Coastal oceans are particularly affected by rapid and extreme environmental changes with dramatic consequences for the entire ecosystem. Seagrasses are key ecosystem engineering or foundation species supporting diverse and productive ecosystems along the coastline that are particularly susceptible to fast environmental changes. In this context, the analysis of phenotypic plasticity could reveal important insights into seagrasses persistence, as it represents an individual property that allows species’ phenotypes to accommodate and react to fast environmental changes and stress. Many studies have provided different definitions of plasticity and related processes (acclimation and adaptation) resulting in a variety of associated terminology. Here, we review different ways to define phenotypic plasticity with particular reference to seagrass responses to single and multiple stressors. We relate plasticity to the shape of reaction norms, resulting from genotype by environment interactions, and examine its role in the presence of environmental shifts. The potential role of genetic and epigenetic changes in underlying seagrasses plasticity in face of environmental changes is also discussed. Different approaches aimed to assess local acclimation and adaptation in seagrasses are explored, explaining strengths and weaknesses based on the main results obtained from the most recent literature. We conclude that the implemented experimental approaches, whether performed with controlled or field experiments, provide new insights to explore the basis of plasticity in seagrasses. However, an improvement of molecular analysis and the application of multi-factorial experiments are required to better explore genetic and epigenetic adjustments to rapid environmental shifts. These considerations revealed the potential for selecting the best phenotypes to promote assisted evolution with fundamental implications on restoration and preservation efforts.

Phenotypic plasticity under rapid global changes: The intrinsic force for future seagrasses survival

Pazzaglia J.;Terlizzi A.;
2021-01-01

Abstract

Coastal oceans are particularly affected by rapid and extreme environmental changes with dramatic consequences for the entire ecosystem. Seagrasses are key ecosystem engineering or foundation species supporting diverse and productive ecosystems along the coastline that are particularly susceptible to fast environmental changes. In this context, the analysis of phenotypic plasticity could reveal important insights into seagrasses persistence, as it represents an individual property that allows species’ phenotypes to accommodate and react to fast environmental changes and stress. Many studies have provided different definitions of plasticity and related processes (acclimation and adaptation) resulting in a variety of associated terminology. Here, we review different ways to define phenotypic plasticity with particular reference to seagrass responses to single and multiple stressors. We relate plasticity to the shape of reaction norms, resulting from genotype by environment interactions, and examine its role in the presence of environmental shifts. The potential role of genetic and epigenetic changes in underlying seagrasses plasticity in face of environmental changes is also discussed. Different approaches aimed to assess local acclimation and adaptation in seagrasses are explored, explaining strengths and weaknesses based on the main results obtained from the most recent literature. We conclude that the implemented experimental approaches, whether performed with controlled or field experiments, provide new insights to explore the basis of plasticity in seagrasses. However, an improvement of molecular analysis and the application of multi-factorial experiments are required to better explore genetic and epigenetic adjustments to rapid environmental shifts. These considerations revealed the potential for selecting the best phenotypes to promote assisted evolution with fundamental implications on restoration and preservation efforts.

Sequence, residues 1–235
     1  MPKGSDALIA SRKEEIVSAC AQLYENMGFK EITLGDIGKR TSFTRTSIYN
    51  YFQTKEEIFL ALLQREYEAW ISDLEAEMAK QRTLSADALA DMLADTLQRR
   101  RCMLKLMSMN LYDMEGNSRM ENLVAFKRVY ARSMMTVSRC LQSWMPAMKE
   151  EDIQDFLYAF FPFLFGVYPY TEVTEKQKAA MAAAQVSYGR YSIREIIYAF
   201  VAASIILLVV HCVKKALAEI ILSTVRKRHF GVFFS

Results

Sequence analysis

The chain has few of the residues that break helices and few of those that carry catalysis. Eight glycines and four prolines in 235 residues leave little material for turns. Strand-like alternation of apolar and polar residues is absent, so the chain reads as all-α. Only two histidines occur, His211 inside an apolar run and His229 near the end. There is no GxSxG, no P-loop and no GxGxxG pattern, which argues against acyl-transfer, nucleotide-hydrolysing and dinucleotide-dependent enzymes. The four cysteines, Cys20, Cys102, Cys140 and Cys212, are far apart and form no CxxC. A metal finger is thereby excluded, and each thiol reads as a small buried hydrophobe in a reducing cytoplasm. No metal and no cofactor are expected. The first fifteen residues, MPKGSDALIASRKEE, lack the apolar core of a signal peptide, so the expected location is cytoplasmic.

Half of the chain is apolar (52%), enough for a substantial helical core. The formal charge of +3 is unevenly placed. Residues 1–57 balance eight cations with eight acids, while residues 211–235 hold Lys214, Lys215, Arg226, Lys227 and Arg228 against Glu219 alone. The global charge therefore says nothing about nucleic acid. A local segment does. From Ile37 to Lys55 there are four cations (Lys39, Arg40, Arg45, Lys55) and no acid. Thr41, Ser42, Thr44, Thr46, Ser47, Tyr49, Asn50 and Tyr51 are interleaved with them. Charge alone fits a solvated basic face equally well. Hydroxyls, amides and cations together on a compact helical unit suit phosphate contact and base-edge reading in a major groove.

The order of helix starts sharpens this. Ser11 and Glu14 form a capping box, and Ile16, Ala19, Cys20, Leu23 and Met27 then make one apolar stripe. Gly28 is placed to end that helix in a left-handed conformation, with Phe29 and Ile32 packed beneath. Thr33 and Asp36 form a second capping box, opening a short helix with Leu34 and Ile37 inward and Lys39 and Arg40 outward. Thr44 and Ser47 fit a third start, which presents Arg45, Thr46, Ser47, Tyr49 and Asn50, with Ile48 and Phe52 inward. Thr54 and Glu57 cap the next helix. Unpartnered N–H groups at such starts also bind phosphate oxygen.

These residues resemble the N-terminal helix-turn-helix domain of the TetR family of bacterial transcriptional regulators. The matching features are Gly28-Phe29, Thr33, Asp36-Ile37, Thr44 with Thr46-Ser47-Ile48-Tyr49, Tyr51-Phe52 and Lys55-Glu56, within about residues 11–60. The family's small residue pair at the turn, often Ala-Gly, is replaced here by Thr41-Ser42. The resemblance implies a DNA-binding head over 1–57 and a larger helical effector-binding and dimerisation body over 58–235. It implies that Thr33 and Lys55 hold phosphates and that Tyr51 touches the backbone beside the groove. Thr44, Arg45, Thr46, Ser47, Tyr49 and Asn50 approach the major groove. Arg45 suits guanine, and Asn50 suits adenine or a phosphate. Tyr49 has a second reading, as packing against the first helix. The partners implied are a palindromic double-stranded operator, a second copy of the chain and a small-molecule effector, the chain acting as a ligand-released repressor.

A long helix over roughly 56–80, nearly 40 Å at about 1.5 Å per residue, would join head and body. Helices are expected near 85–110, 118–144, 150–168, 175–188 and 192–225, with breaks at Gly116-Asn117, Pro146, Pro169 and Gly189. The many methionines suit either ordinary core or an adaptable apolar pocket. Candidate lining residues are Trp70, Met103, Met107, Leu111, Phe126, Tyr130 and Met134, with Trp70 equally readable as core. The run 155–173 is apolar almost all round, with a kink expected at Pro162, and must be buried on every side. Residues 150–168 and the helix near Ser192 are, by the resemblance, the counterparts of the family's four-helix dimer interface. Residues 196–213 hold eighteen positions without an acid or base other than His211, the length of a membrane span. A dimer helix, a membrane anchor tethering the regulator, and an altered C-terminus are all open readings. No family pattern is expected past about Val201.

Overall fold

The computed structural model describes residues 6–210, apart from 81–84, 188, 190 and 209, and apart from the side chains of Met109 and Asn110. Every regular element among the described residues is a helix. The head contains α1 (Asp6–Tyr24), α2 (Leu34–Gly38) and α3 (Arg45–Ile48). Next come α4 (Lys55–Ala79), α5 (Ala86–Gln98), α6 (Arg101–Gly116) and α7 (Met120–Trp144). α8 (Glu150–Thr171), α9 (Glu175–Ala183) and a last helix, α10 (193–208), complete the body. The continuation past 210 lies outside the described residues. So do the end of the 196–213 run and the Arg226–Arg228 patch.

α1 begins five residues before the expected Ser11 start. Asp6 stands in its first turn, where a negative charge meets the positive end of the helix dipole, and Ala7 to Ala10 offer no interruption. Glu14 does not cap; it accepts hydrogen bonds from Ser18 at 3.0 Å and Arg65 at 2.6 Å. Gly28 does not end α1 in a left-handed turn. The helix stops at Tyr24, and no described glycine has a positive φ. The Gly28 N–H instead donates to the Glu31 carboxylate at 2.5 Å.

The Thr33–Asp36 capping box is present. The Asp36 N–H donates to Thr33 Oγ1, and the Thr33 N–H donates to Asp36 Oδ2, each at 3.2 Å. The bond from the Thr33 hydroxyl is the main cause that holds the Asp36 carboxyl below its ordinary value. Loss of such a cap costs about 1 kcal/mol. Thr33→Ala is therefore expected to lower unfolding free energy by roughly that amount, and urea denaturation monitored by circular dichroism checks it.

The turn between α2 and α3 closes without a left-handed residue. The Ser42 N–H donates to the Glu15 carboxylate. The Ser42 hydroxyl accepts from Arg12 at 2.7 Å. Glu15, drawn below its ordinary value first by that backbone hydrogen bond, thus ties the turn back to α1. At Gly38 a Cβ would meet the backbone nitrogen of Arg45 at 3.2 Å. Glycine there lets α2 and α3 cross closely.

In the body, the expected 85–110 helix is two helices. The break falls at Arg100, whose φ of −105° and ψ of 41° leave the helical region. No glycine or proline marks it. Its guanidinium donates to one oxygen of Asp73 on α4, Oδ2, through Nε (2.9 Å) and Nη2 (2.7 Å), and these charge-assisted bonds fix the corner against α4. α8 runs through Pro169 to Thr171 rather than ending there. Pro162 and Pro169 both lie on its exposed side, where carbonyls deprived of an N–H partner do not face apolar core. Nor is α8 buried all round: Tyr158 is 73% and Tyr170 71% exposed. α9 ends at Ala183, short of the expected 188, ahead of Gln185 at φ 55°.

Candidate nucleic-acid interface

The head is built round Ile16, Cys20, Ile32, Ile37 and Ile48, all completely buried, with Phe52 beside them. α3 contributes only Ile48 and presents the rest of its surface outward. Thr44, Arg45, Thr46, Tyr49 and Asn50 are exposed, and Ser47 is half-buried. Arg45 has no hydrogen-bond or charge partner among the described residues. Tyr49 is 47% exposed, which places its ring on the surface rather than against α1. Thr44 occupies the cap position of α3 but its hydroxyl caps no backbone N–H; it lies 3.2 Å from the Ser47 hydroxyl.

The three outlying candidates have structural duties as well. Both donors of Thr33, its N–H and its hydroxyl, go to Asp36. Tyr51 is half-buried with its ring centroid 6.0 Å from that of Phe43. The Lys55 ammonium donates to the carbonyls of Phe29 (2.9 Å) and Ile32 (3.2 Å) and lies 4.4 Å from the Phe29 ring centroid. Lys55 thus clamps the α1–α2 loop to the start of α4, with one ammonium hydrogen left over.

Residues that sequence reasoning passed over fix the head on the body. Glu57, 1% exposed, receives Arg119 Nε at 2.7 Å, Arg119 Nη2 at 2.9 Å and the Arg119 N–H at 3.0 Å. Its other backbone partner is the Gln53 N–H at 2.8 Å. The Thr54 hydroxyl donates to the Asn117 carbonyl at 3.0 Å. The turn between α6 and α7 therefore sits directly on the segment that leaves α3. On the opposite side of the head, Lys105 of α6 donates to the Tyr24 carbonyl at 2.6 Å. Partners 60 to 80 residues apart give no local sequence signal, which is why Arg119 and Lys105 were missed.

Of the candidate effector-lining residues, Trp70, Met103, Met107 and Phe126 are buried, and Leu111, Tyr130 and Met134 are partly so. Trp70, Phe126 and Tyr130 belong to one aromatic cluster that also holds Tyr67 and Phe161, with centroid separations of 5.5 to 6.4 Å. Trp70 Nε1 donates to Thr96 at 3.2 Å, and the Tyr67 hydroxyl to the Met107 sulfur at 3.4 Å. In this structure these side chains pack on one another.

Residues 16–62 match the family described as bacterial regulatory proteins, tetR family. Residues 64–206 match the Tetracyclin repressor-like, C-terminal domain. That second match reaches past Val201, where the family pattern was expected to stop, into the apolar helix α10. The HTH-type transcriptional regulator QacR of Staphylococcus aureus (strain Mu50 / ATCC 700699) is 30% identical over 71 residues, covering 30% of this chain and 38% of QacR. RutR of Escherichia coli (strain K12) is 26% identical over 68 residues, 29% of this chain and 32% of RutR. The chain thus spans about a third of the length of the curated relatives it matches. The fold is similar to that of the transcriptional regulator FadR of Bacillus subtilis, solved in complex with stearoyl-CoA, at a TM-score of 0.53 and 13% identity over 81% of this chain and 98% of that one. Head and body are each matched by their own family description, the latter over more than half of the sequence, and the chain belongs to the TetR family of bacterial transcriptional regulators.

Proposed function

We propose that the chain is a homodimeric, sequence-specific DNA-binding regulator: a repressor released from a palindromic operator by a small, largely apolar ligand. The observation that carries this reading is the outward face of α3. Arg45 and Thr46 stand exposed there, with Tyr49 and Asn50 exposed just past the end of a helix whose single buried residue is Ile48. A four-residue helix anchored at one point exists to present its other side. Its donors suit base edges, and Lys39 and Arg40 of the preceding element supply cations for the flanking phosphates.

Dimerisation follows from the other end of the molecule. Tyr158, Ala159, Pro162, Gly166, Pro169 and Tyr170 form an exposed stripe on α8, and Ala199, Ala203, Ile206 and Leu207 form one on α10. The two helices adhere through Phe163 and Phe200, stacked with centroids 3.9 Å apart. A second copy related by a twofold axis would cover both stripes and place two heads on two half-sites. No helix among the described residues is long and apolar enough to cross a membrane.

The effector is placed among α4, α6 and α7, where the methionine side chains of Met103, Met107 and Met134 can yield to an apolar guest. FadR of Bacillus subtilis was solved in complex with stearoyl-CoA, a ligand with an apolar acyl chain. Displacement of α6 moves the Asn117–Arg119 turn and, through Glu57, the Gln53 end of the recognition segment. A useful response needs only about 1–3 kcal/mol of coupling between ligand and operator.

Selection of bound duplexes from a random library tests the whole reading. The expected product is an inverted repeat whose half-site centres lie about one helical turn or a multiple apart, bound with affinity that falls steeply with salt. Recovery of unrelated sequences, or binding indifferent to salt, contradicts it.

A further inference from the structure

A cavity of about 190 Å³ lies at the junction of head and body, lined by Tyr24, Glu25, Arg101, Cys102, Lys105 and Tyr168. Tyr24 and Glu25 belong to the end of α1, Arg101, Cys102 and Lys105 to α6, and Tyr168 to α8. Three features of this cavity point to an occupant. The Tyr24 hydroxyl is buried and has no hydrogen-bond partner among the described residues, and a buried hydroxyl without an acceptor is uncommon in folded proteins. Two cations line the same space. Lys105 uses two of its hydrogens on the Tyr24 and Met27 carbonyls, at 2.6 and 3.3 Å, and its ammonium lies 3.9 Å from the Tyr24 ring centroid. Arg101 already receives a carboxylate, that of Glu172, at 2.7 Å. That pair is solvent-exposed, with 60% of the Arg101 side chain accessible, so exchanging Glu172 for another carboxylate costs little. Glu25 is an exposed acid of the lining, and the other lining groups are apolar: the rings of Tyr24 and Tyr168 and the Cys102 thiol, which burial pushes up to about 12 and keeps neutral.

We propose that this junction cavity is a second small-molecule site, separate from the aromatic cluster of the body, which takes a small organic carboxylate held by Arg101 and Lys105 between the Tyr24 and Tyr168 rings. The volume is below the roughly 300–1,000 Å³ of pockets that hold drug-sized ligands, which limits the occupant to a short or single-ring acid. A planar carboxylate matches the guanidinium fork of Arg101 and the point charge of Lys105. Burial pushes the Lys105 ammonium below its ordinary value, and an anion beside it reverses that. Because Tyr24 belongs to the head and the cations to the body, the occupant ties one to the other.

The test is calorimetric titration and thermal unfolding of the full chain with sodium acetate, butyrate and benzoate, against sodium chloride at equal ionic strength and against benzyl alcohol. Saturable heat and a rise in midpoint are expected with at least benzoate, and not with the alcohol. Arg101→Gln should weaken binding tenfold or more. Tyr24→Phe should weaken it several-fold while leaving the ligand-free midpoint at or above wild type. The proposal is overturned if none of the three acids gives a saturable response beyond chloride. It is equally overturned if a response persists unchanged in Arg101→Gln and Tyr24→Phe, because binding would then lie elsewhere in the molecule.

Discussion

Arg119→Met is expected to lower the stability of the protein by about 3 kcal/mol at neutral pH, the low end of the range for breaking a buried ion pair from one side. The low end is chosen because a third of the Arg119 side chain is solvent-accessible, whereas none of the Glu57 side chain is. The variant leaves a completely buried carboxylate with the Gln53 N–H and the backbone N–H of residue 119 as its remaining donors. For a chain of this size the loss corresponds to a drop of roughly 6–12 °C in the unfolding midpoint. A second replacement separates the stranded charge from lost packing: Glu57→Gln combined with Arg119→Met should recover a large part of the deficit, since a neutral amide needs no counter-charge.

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Utilizza questo identificativo per citare o creare un link a questo documento: https://hdl.handle.net/11368/2996353
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